noun, plural fu·ries.
  1. unrestrained or violent anger, rage, passion, or the like: The gods unleashed their fury on the offending mortal.
  2. violence; vehemence; fierceness: the fury of a hurricane; a fury of creative energy.
  3. Furies, Classical Mythology. minor female divinities: the daughters of Gaea who punished crimes at the instigation of the victims: known to the Greeks as the Erinyes or Eumenides and to the Romans as the Furiae or Dirae. Originally there were an indefinite number, but were later restricted to Alecto, Megaera, and Tisiphone.
  4. a fierce and violent person, especially a woman: She became a fury when she felt she was unjustly accused.
  1. like fury, Informal. violently; intensely: It rained like fury.

Origin of fury

1325–75; Middle English < Latin furia rage, equivalent to fur(ere) to be angry, rage + -ia -y2
Can be confusedfurore fury

Synonyms for fury

Synonym study

1. See anger.
Dictionary.com Unabridged Based on the Random House Unabridged Dictionary, © Random House, Inc. 2018

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British Dictionary definitions for furies


pl n singular Fury
  1. classical myth the snake-haired goddesses of vengeance, usually three in number, who pursued unpunished criminalsAlso called: Erinyes, Eumenides


noun plural -ries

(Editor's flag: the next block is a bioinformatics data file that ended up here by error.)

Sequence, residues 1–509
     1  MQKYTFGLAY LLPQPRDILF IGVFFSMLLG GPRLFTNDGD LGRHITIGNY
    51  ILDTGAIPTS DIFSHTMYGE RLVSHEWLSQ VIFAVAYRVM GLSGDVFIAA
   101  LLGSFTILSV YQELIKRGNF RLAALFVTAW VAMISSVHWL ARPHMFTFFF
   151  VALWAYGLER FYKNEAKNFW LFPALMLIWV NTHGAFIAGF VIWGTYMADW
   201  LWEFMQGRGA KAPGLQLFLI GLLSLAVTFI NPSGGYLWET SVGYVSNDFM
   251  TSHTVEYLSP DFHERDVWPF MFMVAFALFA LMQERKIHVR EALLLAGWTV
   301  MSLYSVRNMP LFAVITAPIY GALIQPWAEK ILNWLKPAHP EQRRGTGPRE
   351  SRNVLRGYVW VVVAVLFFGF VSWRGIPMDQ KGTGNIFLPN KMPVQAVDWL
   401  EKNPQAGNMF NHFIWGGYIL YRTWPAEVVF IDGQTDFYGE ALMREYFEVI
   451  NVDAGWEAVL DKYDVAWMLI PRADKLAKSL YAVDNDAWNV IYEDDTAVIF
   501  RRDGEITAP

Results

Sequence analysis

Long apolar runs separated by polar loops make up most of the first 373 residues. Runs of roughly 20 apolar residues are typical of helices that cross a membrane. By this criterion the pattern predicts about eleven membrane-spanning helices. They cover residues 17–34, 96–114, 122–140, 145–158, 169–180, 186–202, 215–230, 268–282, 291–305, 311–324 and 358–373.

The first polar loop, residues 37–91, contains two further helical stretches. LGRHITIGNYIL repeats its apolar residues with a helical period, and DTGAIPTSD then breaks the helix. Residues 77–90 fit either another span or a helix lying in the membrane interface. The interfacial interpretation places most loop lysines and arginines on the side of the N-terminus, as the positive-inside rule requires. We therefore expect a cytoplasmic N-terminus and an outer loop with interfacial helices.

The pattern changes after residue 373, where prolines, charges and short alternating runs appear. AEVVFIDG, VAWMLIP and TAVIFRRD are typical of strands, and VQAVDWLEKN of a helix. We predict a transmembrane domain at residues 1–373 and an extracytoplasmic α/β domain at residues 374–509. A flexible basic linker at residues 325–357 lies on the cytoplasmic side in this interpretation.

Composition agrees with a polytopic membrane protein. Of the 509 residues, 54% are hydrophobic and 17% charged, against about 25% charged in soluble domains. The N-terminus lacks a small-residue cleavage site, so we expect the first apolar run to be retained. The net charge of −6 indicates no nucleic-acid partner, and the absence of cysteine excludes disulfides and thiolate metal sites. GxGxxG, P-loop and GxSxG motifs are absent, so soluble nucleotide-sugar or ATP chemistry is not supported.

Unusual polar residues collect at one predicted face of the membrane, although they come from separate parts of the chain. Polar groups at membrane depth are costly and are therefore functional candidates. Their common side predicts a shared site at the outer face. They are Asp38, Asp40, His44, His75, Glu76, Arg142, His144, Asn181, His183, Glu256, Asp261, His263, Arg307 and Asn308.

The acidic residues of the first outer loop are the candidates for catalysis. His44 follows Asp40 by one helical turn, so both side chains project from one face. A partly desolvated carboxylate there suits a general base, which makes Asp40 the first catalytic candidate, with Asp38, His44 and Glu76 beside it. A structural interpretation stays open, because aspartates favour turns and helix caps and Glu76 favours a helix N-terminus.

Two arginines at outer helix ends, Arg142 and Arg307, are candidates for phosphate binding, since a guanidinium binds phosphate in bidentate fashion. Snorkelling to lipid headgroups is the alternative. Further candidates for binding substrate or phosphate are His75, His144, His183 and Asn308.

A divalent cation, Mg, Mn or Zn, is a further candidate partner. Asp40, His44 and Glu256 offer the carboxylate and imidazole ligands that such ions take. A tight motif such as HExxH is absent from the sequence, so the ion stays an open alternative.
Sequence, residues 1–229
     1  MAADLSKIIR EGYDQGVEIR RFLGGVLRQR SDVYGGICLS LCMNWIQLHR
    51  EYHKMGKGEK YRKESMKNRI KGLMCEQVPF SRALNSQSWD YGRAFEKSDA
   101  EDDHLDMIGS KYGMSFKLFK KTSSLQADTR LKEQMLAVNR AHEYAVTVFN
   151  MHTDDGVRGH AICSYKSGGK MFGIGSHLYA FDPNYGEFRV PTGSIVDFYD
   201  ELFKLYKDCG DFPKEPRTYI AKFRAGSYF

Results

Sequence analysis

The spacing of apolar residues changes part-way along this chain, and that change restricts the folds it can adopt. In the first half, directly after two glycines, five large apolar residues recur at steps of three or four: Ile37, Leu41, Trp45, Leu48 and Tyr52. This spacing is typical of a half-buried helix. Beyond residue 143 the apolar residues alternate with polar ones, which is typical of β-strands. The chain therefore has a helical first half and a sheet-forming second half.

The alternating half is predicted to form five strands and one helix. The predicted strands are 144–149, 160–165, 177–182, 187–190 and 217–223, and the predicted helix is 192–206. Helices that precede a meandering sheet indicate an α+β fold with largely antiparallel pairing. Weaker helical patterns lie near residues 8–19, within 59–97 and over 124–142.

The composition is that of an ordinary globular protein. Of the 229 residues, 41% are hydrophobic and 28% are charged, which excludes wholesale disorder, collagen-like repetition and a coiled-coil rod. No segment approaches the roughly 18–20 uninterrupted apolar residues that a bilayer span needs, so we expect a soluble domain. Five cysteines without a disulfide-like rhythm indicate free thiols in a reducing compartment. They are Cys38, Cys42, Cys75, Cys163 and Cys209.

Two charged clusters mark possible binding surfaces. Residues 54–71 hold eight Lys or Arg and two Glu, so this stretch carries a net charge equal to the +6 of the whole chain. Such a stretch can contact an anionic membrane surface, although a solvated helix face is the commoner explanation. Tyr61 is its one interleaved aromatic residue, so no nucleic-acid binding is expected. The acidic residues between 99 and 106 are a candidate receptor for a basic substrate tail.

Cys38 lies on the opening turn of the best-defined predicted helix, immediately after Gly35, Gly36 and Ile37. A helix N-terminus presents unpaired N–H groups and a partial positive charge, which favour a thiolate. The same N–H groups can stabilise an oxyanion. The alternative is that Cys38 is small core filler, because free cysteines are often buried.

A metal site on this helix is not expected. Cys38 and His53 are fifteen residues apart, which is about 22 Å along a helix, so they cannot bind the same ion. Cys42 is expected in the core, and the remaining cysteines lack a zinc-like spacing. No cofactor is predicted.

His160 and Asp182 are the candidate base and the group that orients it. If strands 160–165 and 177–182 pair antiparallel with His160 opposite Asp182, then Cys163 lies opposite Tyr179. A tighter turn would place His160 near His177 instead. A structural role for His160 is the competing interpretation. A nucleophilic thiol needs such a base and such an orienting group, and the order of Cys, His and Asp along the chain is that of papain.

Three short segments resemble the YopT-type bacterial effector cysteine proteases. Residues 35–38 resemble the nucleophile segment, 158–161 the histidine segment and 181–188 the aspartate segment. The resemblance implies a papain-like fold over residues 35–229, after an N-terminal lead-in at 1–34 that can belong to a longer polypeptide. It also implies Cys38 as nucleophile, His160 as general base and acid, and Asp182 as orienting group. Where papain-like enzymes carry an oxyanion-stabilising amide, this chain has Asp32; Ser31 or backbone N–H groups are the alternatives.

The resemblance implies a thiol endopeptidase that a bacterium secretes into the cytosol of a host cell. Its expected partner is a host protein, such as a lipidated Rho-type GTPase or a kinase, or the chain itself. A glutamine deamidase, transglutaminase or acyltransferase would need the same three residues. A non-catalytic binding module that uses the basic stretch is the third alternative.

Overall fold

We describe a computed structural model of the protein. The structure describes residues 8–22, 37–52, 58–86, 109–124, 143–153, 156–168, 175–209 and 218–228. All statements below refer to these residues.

1. violent or uncontrolled anger; wild rage
  2. an outburst of such anger
  3. uncontrolled violencethe fury of the storm
  4. a person, esp a woman, with a violent temper
  5. See Furies
  6. like fury informal violently; furiouslythey rode like fury

Word Origin for fury

C14: from Latin furia rage, from furere to be furious
Collins English Dictionary - Complete & Unabridged 2012 Digital Edition © William Collins Sons & Co. Ltd. 1979, 1986 © HarperCollins Publishers 1998, 2000, 2003, 2005, 2006, 2007, 2009, 2012

Word Origin and History for furies



late 14c., "fierce passion," from Old French furie (14c.), from Latin furia "violent passion, rage, madness," related to furere "to rage, be mad." Romans used Furiæ to translate Greek Erinyes, the collective name for the avenging deities sent from Tartarus to punish criminals (in later accounts three in number and female). Hence, figuratively, "an angry woman" (late 14c.).

Online Etymology Dictionary, © 2010 Douglas Harper

furies in Culture


In classical mythology, hideous female monsters who relentlessly pursued evildoers.

The New Dictionary of Cultural Literacy, Third Edition Copyright © 2005 by Houghton Mifflin Harcourt Publishing Company. Published by Houghton Mifflin Harcourt Publishing Company. All rights reserved.

Idioms and Phrases with furies


see hell has no fury like a woman scorned.

The American Heritage® Idioms Dictionary Copyright © 2002, 2001, 1995 by Houghton Mifflin Harcourt Publishing Company. Published by Houghton Mifflin Harcourt Publishing Company.